Hierarchy of Needs

Abraham Maslow (1908 – 1970) created Maslow’s hierarchy of needs theory; the theory expounds the levels of human needs in pyramid and in terms of importance (Maslow, 1943). The needs are organized in order of significance to life in a manner that after the need is satisfied, it is not a motivator for a human anymore and he/she is motivated with the need which is one rank higher. In the most basic level of significance is water, food and shelter satisfaction of which is imperative for human survival and psychological well-being. The needs at the high level of the pyramid, such as self-actualization, are not powerful individuals` stimulators. Their influence is a life experience and education levels (Maslow, 1943).

Maslow structures the levels of needs in a hierarchy; the physiological/basic needs feature needs for basic necessities such as food, water and shelter. Upon satisfaction of these basic needs, an individual pursues safety needs in the next level. These pertain to conditions that ensure survival happens within a safe environment and lack or insufficiency in their satisfaction predisposes an individual to psychological or emotional disturbance.

Fulfilling satisfaction of the safety levels leads to pursuance of social needs. A crave for affection, close relationship and a sense of belonging forms the next level. This level involves giving and receiving love and focuses on a need to belong and feel the appreciation of others. In this Maslow highlights the esteem need; it involves the feeling that others respect and appreciate us; it is a feeling of self governing, capability and value. At the highest level of the pyramid are self-actualization needs. These arise after satisfying all other needs, and they involve the vision of making the best out of the available resources, and maximize satisfaction. It is a level in which individuals strive to maximize their personal potentials such as talents.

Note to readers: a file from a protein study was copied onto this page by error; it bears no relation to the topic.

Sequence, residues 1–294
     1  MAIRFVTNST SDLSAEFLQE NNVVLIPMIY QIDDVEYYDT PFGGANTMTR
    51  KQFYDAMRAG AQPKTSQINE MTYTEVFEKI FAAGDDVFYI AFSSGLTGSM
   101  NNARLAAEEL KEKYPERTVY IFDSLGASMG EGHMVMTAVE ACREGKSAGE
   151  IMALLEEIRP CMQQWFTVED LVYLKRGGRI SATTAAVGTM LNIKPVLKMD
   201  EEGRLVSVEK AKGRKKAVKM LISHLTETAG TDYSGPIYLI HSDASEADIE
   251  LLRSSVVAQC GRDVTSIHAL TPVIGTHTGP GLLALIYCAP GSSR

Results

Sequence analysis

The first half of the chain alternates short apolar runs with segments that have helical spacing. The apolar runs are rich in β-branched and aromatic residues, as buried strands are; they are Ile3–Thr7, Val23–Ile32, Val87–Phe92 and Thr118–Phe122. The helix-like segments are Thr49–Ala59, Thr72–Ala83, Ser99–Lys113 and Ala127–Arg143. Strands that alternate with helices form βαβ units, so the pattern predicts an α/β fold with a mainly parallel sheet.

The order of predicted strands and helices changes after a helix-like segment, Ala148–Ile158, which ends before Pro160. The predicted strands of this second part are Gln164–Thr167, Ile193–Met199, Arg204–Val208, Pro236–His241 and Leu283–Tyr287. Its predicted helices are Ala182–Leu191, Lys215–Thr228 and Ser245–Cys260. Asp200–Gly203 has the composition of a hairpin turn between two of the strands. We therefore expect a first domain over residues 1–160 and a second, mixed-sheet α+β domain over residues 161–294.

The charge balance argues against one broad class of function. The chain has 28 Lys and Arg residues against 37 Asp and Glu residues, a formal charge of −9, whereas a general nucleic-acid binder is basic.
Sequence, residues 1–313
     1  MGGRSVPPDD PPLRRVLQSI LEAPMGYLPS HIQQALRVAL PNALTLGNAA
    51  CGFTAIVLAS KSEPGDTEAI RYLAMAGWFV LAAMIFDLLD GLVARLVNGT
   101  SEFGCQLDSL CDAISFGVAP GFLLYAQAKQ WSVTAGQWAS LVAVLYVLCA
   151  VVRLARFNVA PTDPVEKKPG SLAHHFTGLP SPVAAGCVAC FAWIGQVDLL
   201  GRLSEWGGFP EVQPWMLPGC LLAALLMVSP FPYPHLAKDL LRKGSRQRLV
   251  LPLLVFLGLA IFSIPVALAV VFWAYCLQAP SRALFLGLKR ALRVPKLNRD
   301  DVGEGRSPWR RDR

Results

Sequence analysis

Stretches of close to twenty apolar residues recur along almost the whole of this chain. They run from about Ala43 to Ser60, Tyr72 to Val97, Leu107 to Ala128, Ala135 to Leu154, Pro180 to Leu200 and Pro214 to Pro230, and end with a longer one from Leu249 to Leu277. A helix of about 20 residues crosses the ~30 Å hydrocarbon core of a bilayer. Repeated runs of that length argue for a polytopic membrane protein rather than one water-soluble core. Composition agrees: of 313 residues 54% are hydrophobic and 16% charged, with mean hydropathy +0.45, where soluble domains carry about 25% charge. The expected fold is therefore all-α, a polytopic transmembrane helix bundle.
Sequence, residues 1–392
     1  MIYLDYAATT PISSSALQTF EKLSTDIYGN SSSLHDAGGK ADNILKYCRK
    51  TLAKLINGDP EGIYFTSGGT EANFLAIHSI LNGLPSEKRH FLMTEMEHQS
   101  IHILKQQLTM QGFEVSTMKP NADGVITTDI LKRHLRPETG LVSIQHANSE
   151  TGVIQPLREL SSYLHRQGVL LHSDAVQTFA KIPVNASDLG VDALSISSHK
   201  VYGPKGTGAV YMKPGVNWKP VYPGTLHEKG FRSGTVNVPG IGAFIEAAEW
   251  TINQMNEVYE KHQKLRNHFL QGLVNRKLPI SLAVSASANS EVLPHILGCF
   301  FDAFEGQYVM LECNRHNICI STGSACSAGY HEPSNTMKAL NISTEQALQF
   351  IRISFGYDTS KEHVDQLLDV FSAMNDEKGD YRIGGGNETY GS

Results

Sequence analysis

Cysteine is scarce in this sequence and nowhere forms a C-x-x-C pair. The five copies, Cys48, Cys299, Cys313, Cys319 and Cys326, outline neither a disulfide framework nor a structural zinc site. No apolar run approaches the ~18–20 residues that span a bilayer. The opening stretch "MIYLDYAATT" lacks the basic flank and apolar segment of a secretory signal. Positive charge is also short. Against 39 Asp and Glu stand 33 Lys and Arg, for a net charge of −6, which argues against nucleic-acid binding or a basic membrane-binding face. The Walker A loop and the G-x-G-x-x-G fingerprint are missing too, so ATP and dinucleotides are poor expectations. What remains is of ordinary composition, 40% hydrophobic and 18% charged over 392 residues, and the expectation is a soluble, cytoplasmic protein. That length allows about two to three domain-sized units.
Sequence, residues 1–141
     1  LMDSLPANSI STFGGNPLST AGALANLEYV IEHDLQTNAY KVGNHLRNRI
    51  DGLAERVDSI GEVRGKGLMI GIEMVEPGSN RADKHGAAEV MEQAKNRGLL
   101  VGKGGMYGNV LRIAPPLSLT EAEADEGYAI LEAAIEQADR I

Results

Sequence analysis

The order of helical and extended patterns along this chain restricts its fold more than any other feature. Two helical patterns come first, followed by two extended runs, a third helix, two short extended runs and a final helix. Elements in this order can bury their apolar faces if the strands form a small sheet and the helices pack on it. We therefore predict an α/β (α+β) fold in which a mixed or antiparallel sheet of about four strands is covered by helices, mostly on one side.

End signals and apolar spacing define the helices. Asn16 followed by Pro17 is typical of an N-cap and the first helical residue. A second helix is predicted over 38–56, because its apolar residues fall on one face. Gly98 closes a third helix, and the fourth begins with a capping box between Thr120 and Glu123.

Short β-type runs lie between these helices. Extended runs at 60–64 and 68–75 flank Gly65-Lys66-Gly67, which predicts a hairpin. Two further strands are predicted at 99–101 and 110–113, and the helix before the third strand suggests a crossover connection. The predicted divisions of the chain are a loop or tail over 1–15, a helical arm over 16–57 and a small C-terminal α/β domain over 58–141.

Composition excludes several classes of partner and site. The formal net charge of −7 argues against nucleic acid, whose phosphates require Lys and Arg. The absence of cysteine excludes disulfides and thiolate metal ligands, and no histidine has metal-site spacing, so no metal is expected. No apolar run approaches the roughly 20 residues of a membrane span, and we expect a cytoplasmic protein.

Humanists do not believe that power-driven forces of either stimuli and insensible instinctive impulses or reinforcement push human beings. They believe that human beings decide consciously to struggle for upper position of abilities.

Application of Maslow’s theory abound, for instance, the needs for security may mean the achievement of a secure home environment or locality and assurance of a job or employment. Thus, the theory has invaluable lessons for the management; their ingenious application may allow workers to achieve self-actualization levels and encourage better social needs (Steers, 1987). Stimulating and expressive work assignments are good ways of encouraging inventions, creativity and advancements in line with long-term goals. The significance of this approach indicates that workers will achieve meaning, purpose and personal growth; this gives work the real picture of life different from the work assignment approach devoid of workers` needs sensitivity. The environment within which workers operate can also be a good place of identifying what is not met and offer the worker to improve. In the end, both the company and the workers benefit.

Though a potential criminal might be defined from an accounting profile, other features might be recognized. Lisa Eversole’s paper identifies rule breaking, self-centeredness, pressure leading to risk taking, financial endeavors and pressure to achieve the goal, as some of the features. Appraisal of criminally accused health care fraud cases produces important highlights to other conditions (Harlow, 1953). The unethical endeavors that individuals pursue constitute greedy pursuits. For instance, benefit of fraud can be direct, through receiving asset or money, or indirect through promises of promotions or rewards, power of influence and bonuses. These observations indicate a unique level absent in Maslow’s hierarchy, the level of greed. So the hierarchy of greed can be created. In it, such types of greed as corporate, scheme, undisciplined, opportunistic, and organized would feature and inform thinking of human needs.